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One of the 4-megapixel models in Konica Minolta's line of affordable megazoom EVF cameras, the Dimage Z2 offers a 10X zoom lens, a solid feature set, and impressive video-recording capabilities. This easy-to-use camera does a good job of bridging the gap between snapshooter and advanced amateur; it performs well in fully automatic mode but offers a wide array of photographic controls. Though the Dimage Z2 lacks some advanced features, such as the ability to save raw or TIFF files, its lightweight flexibility, solid performance, and satisfying image quality make it an excellent travel companion.
The responsive buttons are clearly labeled. Individual buttons are laid out in compass formation for navigating the menus and are more easily operated than rocker-switch equivalents found on some cameras. Macro and flash buttons next to the mode dial cycle through the settings in those modes. As a bonus for more-advanced users, the flash button can instead be customized to control drive mode, white balance, focus mode, or color setting. Assigning drive-mode control is particularly handy when making frequent use of the self-timer and obviates the need for scrolling through the menu before each shot. Should scrolling the menus be necessary, however, they are easily navigated and clearly labeled.The Dimage Z2's most prized feature is, of course, the one that lent its initial to the camera's name. The all-glass, apochromatic f/2.8-to-f/3.7 10X zoom lens has Konica Minolta's GT designation, reserved for the company's higher-end lenses. The 38mm-to-380mm range (35mm-camera equivalent) is well suited to performances and wildlife photography, although you may find yourself craving the optional 0.75X lens attachment for wide-angle needs. The Dimage Z2's lack of image-stabilization technology necessitates the use of a tripod or monopod if you're zoomed in and shooting under dim lighting conditions.
This Konica Minolta Dimage Z2 provides the four standard exposure modes--programmed automatic, aperture priority, shutter priority, and manual--as well as five programmed scene presets and excellent video-recording capabilities. You can shoot 30fps VGA (640x480) movies with sound for as long as your SD card capacity allows or even, impressively, SVGA (800x600) at 15fps--again, limited by only your card's capacity and write speed. Basic in-camera editing allows you to delete unwanted footage from your movies and free up space on the memory card.
The camera's Super Macro mode, though restricted to a focal length of 11.1mm, can produce sharp, detailed images of objects as close as 1.7 inches to the front of the lens. Manual focus is available, but unless you're using a tripod and measuring distances, this feature isn't all that serviceable.
Experienced photogs will appreciate the real-time histogram display and the ability to select metering mode--multisegment, center-weighted, and spot--as well as the built-in hotshoe for use with Konica Minolta external flash units. Absent, however, is the ability to save images in either raw or TIFF formats.The Konica Minolta Dimage Z2 is a responsive camera for its class. You can power it up and take a shot in just a hair more than 3 seconds, and the shutter lag is less than half a second without prefocusing. Typical shot-to-shot time is just 1.7 seconds. The Z2 lives up to its promise of fairly quick autofocus, too--in good light. Dim conditions slow it considerably, as the camera lacks an AF assist lamp. The flash range is rated to 20 feet at the widest setting and performed well in our tests.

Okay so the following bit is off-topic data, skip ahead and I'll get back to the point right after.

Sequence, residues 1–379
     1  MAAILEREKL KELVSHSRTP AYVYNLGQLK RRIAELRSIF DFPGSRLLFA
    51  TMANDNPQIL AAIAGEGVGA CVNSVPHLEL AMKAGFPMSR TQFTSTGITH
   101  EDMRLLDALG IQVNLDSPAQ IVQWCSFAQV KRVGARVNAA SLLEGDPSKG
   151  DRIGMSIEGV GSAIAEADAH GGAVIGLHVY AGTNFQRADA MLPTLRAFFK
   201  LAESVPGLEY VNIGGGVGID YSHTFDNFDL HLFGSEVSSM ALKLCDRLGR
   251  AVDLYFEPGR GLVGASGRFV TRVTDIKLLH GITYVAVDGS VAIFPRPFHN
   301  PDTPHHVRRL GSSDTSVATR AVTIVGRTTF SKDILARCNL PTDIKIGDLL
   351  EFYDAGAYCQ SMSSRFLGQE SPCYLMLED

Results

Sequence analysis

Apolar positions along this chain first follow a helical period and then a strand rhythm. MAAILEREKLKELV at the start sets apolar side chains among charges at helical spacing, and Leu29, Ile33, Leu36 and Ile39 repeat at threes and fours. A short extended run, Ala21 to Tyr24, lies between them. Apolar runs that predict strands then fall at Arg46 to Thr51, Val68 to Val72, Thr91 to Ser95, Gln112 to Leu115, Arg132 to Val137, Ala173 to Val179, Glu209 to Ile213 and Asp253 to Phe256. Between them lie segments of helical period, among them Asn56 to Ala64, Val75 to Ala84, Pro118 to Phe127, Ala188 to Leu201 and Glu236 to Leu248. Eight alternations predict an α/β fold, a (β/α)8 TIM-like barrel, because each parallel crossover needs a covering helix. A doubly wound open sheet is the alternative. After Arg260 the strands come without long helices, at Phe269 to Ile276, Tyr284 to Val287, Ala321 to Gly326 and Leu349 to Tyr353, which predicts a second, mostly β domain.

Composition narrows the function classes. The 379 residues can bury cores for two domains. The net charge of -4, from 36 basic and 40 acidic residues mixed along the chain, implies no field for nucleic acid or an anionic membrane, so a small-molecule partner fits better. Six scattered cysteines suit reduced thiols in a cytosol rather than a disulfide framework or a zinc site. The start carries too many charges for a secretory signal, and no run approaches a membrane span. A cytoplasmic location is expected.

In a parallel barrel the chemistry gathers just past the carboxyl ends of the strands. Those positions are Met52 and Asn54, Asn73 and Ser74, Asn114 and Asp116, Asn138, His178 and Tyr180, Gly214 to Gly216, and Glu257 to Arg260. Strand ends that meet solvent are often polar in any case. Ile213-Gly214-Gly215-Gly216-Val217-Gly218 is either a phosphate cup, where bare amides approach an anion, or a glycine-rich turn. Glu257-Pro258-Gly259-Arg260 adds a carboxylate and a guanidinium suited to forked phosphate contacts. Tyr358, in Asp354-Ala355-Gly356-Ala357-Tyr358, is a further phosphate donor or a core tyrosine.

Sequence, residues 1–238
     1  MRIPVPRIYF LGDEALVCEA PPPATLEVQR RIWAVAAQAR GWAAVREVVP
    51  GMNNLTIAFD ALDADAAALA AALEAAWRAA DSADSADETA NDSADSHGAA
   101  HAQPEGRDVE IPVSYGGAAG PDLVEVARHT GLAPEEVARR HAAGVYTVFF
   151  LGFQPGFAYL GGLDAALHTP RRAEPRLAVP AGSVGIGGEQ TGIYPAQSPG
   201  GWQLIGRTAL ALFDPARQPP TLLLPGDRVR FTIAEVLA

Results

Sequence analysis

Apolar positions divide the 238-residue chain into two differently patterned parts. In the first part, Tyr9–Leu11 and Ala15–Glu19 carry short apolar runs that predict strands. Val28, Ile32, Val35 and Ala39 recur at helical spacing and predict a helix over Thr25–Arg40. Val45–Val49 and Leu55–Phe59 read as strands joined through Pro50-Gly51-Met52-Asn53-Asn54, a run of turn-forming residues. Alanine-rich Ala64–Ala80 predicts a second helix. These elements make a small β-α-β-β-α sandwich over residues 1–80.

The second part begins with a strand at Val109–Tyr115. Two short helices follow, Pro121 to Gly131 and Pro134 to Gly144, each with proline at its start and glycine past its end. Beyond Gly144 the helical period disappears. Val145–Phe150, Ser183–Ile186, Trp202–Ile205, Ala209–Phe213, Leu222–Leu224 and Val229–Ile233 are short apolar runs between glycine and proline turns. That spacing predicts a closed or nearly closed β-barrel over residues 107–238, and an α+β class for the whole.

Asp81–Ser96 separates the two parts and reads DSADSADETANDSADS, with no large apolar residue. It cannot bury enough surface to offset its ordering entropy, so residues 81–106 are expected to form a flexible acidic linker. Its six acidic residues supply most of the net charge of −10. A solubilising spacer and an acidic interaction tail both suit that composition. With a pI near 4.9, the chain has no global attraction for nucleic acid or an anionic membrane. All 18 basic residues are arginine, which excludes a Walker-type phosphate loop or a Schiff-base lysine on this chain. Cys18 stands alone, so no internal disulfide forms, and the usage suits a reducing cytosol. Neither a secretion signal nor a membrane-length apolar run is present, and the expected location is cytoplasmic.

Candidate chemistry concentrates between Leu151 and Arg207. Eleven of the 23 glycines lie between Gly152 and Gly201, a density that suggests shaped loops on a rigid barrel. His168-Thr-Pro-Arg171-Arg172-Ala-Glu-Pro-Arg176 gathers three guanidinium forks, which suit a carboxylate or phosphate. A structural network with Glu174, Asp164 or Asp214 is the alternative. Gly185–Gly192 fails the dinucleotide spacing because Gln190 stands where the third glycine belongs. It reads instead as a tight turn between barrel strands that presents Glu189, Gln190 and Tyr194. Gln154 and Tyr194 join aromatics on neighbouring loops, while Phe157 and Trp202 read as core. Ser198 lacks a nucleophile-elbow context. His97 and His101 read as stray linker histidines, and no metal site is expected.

The Dimage Z2's continuous-shooting specs aren't impressive: about 2.6 shots per second for a maximum of 5 images in normal continuous-advance mode. An ultra-high-speed (UHS) continuous mode produces 15 images at about 8.3 shots per second but at only the 1,280x960-resolution setting. Shutterbugs who want to capture action with that smooth megazoom have another high-speed option: progressive-capture mode. In this mode, images are captured at the same respective rates (regular or UHS), but the camera continues to shoot until you take your finger off the shutter release; at that point, the 5 images at the end of the series are saved.
The LCD, though measuring just 1.5 inches, is wonderfully clear and bright, with accurate colors; it's easy to see in most lighting conditions. Its 60fps refresh rate means you also see very little delay in unfolding action. Thanks to Minolta's Switch Finder setup, the LCD monitor can also be seen through the viewfinder, resulting in a remarkably clear and smooth, action-friendly version of an electronic viewfinder.The Konica Minolta Dimage Z2's image quality is overall quite pleasing: colors are saturated but natural (a Vivid color setting is also available); detail and definition are good, though not exceptional; and pictures are usually free from any significant aberrations. In our tests, exposures were generally right on. Flash-lit photos were usually exposed properly, although they were susceptible to underexposure in certain tricky situations--when subjects were wearing white shirts, for example.
Noise is certainly present in low-light shots, although in most cases not enough to cause serious image degradation. Jack up the ISO to 400, however, and image noise is definitely a problem. This isn't uncommon in cameras of this class, and we'd recommend avoiding ISO 400 entirely--even ISO 200 produced far, far better results. Skin tones generally reproduced well, although darker skin was particularly prone to image noise in low-light conditions.
We noticed very slight barrel distortion in some of our test images at the widest setting but saw no evidence of pincushion effects on the other end of the spectrum. The Super Macro mode revealed particularly detailed images, and the SVGA movie mode, in good light, produced some of the best-looking video we've seen from a digital still camera, albeit at only 15fps.